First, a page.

If you see it in Hollywood, chances are it can be done. From flying vehicles to facial expression readers to track your every thought and preference – if it hasn’t been fully developed and ready for launch, it’s probably in its testing phase.
Uncovering what technology advancement can do for advertisers and brands is the equivalent of opening up the Pandora box. Through digital mapping, it is now possible to not only know the basic demographics and location of consumers, but brands know have data on groups of individual that allow them to track results, enabling them to adapt their marketing strategies accordingly.
During A+M’s recent conference, Spin & Spiel, Srikanth Ramachandran, executive director of Moving Walls, referenced digital out of home’s future to computer software enabled systems that will allow advertisers and brands to display ads according to your preference, no matter where consumers are.
“Think Minority Report. The lead actor Tom Cruise playing Chief John Anderton, with an internally installed retina reader, advertisement was being displayed to him as he hastily walked down the train platform. But if you take notice, all the ads fit his demographic – male, in his mid-late thirties, athletic, and the like.”
While technology has not excogitated to the state of recognising our personal details without some form of gadget, face-reading software is a rapidly developing technology that advertisers are all honing in on in order to be the first to provide that big wow to meet clients’ needs.
“Face-reading technology may one day be paired with programs that have complementary ways of recognising emotion, such as software that analyse people’s voice,” said Paul Saffo, a technology forecaster.
Companies that are developing such software are Massachusetts based, Affectiva, and Emotient from San Diego. Since Affectiva started on this form of data analysis, it has collected over 1.5 billion emotional reactions from participants.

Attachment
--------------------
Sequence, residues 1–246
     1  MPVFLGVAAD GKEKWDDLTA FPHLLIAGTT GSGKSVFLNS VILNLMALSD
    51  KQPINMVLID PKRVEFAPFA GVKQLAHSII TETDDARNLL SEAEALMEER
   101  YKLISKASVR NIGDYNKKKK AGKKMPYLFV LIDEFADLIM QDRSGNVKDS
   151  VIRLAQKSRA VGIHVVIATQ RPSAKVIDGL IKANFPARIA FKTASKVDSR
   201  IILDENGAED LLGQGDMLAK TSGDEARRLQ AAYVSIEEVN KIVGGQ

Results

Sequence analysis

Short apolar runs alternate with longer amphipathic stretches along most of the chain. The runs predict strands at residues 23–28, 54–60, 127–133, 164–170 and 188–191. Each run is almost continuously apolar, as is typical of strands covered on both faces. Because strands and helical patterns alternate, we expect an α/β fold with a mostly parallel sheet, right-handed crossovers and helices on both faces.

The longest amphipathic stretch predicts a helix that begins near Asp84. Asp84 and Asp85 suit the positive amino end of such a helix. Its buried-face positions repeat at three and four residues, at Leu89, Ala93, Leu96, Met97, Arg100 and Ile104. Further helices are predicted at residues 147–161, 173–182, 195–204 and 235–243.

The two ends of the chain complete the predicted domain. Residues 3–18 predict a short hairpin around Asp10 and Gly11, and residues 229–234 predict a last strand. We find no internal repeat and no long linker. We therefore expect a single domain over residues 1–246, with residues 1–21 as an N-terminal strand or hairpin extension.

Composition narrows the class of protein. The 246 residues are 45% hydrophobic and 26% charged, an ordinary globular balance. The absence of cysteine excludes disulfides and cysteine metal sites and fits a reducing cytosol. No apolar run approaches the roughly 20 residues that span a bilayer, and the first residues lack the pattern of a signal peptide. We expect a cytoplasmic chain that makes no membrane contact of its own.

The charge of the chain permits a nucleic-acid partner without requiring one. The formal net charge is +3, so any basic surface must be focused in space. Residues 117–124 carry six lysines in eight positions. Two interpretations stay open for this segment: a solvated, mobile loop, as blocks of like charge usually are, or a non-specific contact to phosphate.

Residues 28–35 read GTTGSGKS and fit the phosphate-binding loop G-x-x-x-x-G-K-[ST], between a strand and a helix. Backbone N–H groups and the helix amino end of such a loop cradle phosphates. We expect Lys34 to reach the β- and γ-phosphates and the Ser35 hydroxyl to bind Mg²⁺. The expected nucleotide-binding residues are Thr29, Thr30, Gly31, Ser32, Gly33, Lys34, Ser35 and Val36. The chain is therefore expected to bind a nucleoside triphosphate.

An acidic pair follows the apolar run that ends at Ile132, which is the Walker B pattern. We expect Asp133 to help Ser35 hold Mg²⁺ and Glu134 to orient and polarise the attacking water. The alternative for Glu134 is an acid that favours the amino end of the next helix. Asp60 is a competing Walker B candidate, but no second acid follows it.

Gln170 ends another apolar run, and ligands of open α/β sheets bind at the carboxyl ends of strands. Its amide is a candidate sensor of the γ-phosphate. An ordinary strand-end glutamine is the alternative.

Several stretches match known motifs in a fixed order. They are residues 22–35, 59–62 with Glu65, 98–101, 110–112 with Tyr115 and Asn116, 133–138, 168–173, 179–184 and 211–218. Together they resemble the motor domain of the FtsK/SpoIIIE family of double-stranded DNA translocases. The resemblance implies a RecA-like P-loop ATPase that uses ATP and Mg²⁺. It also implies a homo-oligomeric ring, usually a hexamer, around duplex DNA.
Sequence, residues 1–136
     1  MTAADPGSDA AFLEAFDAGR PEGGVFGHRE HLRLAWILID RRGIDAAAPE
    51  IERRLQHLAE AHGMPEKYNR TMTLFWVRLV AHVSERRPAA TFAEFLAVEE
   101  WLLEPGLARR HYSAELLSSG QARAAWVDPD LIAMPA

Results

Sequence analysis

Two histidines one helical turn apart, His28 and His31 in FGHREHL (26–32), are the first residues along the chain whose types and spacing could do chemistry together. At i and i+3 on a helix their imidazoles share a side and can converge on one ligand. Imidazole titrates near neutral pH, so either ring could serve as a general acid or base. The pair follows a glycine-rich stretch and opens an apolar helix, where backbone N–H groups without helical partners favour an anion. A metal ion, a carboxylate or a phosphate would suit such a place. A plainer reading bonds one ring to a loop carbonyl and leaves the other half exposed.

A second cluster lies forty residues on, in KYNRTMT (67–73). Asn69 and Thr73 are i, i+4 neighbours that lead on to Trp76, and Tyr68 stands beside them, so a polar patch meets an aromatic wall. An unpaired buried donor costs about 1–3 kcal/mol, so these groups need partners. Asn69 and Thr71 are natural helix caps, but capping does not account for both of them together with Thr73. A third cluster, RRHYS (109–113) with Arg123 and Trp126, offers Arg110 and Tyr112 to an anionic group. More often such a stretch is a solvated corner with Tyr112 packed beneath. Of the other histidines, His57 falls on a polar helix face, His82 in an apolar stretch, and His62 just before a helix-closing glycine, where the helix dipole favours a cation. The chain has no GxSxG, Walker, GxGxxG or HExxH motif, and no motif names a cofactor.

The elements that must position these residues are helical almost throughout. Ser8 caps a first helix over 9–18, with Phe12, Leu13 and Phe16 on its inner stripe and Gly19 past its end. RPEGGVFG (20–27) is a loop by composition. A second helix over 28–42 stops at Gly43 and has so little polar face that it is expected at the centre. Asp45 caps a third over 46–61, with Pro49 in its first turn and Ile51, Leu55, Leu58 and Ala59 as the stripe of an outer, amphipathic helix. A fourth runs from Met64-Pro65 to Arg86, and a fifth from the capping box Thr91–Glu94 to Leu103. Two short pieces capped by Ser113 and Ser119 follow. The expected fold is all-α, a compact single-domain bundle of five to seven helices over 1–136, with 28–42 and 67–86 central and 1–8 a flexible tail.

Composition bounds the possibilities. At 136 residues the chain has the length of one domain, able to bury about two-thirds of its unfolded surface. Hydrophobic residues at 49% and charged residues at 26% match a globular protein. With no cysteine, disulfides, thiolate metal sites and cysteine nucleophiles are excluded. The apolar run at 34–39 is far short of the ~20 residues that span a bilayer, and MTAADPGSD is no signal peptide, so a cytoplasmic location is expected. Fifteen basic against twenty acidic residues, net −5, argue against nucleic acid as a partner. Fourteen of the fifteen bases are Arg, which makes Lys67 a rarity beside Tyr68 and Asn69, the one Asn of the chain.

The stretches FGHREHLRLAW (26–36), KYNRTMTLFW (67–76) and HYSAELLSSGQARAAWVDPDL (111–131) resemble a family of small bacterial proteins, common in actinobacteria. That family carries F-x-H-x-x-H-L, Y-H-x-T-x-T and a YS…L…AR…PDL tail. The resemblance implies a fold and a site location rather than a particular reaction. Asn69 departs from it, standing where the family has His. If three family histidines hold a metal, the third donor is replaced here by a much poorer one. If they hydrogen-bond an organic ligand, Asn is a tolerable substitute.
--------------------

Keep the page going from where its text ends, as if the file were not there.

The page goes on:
The software uses frame-by-frame video analysis to map muscular changes that crease the human face within milliseconds to label the emotions behind the movement – such as happiness, sadness and disgust. Thus far, the technology relies on webcam, photographs and videos to compile its data.
Rana el-Kaliouby, co-founder and chief science officer of Affectiva said that these recordings served as a database to create the company’s face-reading software, which will be offered to mobile software developers in mid-January.
Creating personalised experiences for consumers has never been an easy feat for creative agencies; however, with the new data; it will be easier to peek into consumer’s behaviour.
Bruno Fiorentini, general manager of advertising and online (APAC/India) for Microsoft Advertising, shared at Spin & Spiel that the mobile space is sensitive to spam and advertising, so it is important to provide consumers with the experience they crave.
“Because of the change in habits of consumers, I think what dictates the direction of the mobile space is through understanding new habits of consumers. People are connected to their phones all the time. Advertisers need to make something relevant to them.”
Abishek Bhattacharjee, director of media of IPG Mediabrands thinks that a consumer is using this mobile app with a particular mindset and advertisers need to tap into that by asking themselves how they can serve that mindset.
“The more and more we start doing that, the more and more we start seeing results. As that keeps on happening and advertisers see value in that, the process of integrating data with mindset into the mobile space will become common.”
An assistant professor of human-computer interaction at Arizona State University has also noted that apps that can respond to facial cues may find wide use in education, gaming, medicine and advertising.
“We can provide just-in-time information that will help individuals, moment to moment throughout their lives.”
Despite privacy and surveillance concerns, private companies have started to develop this type of algorithm, including government agencies with security interest.